Brute Rationality.J. Louise - unknown
    The definitive version is available at www.blackwell-synergy.com.
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  10.  44
    Collective Rationality: Equilibrium in Cooperative Games.Jennie Louise - 2012 - Australasian Journal of Philosophy 90 (1):205 - 205.
    Australasian Journal of Philosophy, Volume 90, Issue 1, Page 205, March 2012.
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  11.  58
    Ethics and Humanity: Themes From the Philosophy of Jonathan Glover * Edited by Nancy Ann Davis, Richard Keshen and Jeff McMahan.J. Louise - 2011 - Analysis 71 (4):788-790.
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  12.  15
    Once More on the Unexpected Examination.C. Mortensen & J. Louise - unknown
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  13.  45
    Retrospectivity and the Rule of Law / C. Sampford ; with the Assistance of J. Louise, S. Blencowe, and T. Round.C. Sampford, J. Louise, S. Blencowe & T. Round - unknown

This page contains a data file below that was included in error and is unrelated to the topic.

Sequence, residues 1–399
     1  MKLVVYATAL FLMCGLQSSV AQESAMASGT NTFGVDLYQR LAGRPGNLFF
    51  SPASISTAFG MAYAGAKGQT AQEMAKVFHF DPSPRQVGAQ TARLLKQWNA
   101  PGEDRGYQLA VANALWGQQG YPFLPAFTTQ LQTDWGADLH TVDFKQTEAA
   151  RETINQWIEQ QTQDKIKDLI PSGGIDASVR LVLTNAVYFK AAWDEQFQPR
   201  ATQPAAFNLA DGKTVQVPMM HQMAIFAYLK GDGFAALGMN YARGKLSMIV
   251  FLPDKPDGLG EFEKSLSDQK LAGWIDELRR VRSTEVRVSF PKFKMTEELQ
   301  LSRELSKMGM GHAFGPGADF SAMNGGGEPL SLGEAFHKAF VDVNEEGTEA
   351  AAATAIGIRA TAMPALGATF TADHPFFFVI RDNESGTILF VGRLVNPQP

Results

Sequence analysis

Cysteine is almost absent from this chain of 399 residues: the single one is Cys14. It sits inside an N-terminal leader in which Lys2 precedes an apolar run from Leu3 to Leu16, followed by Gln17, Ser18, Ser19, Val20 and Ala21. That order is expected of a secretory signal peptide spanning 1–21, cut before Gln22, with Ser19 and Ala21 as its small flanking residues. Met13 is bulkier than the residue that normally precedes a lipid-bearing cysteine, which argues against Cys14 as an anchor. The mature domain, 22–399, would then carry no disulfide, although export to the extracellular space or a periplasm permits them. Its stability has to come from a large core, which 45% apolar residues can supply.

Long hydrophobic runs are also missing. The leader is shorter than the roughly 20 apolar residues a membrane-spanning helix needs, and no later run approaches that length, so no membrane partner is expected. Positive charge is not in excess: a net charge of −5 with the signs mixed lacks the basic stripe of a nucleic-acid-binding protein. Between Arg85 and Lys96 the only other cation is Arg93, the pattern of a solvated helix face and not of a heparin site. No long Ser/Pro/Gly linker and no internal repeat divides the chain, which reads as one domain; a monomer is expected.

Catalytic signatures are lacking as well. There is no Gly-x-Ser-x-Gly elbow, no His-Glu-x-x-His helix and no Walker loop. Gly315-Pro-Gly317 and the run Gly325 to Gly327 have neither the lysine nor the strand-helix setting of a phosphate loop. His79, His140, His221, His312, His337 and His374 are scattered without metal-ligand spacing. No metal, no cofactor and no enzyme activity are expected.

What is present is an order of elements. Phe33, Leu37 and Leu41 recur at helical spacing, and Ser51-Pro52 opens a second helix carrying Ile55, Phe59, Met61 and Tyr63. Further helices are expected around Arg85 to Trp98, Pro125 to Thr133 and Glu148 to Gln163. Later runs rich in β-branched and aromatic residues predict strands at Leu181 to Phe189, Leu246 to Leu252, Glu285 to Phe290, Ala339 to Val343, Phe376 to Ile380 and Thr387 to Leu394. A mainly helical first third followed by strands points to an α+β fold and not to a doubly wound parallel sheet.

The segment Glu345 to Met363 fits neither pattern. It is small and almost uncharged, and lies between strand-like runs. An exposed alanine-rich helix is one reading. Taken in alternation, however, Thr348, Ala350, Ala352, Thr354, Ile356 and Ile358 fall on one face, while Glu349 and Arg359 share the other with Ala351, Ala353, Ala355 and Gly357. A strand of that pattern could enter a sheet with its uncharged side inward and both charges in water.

Retrospective rule-making has few supporters and many opponents. Defenders of retrospective laws generally do so on the basis that they are a necessary evil in specific or limited circumstances, for example to close tax loopholes, to deal with terrorists or to prosecute fallen tyrants. Yet the reality of retrospective rule making is far more widespread than this, and ranges from ’corrective’ legislation to ’interpretive regulations’ to judicial decision making. The search for a rational justification for retrospective rule-making necessitates a reconsideration (...)